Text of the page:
I am a 19-year-old student of photography here in Brighton. I really wanted to study photography abroad and then suddenly my wish came true. In 2010, I printed the ‘Honeymoon’ book that is one of the most successful things that I’ve ever done. The book was presented last year at Paris Photo and then sold into numerous collections in London, Tokyo, somewhere in Colorado… After that I was sure that I don’t want to do anything else than photography. In Slovenia, where I am from, we only have smaller photography courses mostly commercially oriented. So I applied to 5 different courses in the UK and sent them pictures from the book. I was accepted on all five so I picked Brighton and moved.

Your series ‘Honeymoon’ is made up of photographs where individuals have been cut out of the images, leaving a white space in their place. What is this series about?

Initially, this project started as, I thought, a charming gesture for my parents. This was the first time that my family had been on a substantial trip abroad; my parents had not even had a honeymoon. With this in mind I decided to give them one. I used my father’s film camera, which he would have probably used if he had been on his real honeymoon trip. I cut myself and my brother out of the photographs, as we would not have been born yet.

The series hopefully becomes a simulation that questions the medium itself and also the basic function of the photographic camera that is to eternalize a memory. Digital photography is now cheaper than ever. Everything is worth documenting. In the flood of imagery memories are more fragile; it became harder to pertain a certain memory to an image of an event. But on the other hand, film stills have the same power of representing something nostalgic, even if it didn’t happen. They are something known and common, but white silhouettes suggest that the whole project is simulated.

How would you describe your style of photography?

I would say that so far I have not developed a photographic style and I am not planning to in the near future either. In the last three projects I was more interested in fiction. But still, with every series of photographs I have a different idea and a different approach. Maybe that can be my photographic style?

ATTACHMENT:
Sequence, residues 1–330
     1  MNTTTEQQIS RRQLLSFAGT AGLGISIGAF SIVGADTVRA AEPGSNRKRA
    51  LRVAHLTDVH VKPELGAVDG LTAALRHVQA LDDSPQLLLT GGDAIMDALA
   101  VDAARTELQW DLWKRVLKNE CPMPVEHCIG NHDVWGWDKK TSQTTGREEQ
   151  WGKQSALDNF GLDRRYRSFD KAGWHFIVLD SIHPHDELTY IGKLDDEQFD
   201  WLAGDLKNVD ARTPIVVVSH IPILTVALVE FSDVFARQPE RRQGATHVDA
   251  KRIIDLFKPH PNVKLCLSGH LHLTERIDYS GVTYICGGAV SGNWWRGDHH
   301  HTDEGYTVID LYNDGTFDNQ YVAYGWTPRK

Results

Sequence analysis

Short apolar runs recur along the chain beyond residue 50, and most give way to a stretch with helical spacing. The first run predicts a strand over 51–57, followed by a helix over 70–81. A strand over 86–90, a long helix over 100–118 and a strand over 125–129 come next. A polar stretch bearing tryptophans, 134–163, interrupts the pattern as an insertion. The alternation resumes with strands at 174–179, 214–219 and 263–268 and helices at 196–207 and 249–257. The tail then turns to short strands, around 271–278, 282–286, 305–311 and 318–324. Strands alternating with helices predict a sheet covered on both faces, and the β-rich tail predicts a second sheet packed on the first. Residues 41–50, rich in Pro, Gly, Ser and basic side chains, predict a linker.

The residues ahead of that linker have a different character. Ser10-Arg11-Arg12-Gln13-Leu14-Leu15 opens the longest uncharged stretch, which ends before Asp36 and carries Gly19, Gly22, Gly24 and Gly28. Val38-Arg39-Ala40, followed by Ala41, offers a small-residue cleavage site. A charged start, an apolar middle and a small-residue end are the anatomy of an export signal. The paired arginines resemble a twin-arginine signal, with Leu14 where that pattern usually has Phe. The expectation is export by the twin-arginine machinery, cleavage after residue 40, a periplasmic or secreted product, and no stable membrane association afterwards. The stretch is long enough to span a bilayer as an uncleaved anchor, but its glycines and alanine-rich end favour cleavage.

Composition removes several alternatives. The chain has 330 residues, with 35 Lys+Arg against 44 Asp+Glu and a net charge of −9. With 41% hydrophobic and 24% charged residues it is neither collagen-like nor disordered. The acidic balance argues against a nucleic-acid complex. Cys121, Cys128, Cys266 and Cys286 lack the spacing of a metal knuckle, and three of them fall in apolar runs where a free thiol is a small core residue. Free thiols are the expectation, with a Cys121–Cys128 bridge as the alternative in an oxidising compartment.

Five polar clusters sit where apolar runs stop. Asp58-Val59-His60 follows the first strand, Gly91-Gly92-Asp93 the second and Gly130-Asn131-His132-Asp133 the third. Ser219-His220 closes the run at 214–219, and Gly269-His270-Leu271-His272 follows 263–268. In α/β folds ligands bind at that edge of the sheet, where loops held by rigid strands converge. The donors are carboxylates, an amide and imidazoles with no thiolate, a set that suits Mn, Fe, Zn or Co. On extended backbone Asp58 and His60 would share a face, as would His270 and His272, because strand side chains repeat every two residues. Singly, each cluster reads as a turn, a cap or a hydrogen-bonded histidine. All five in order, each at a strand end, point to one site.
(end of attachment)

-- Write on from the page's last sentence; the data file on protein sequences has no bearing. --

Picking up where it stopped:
I like to think that the most important thing in photography is a unique idea or a concept. I modify and choose my medium of making (it can be an old film camera, a webcam or some found images) with the concept in my mind. Before I have an idea in my head or on paper I will never even touch my camera. It is weird because most of my friends work the other way around (pictures first and then the idea). I tried to work like that too, but everything was so pretentious and sadly average.


Are you working on any projects at the moment?

At the moment I am in a thinking process for a new project that questions our perception of religion, nudity and other heavy themes. I have a few funny ideas about cultural relativism for now but I have to figure out how to make things work together as a project. I am planning to use a medium format camera and found imagery but I am still seeking for ways to be original. Other than that, I plan to expand my projects that I made for my course and give them more time to grow. We have to submit four projects in eight months for the university, which is sometimes hard to do. I am also planning to collaborate with two of my coursemates, just to be ‘photography fit’ through the summer and maybe something bigger comes out later. I am also in discussions about printing my latest project as a ‘zine’.

What is your biggest photographic aspiration/goal?

In a few years I would like to make a decent living from what I am doing now. I would like to continue with my projects, make books, have exhibitions, read about photography, maybe do some assignments, sell a few prints, etc. I would like to continue with that, but in a bigger scale, more constant, and I hope some day, more financially successful.

More of Jure’s work can be found here